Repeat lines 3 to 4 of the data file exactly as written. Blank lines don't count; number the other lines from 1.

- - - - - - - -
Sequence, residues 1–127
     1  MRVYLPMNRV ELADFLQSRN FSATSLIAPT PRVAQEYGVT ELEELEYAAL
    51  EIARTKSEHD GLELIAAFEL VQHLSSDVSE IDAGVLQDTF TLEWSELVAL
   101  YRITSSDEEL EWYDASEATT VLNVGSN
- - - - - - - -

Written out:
    51  EIARTKSEHD GLELIAAFEL VQHLSSDVSE IDAGVLQDTF TLEWSELVAL
   101  YRITSSDEEL EWYDASEATT VLNVGSN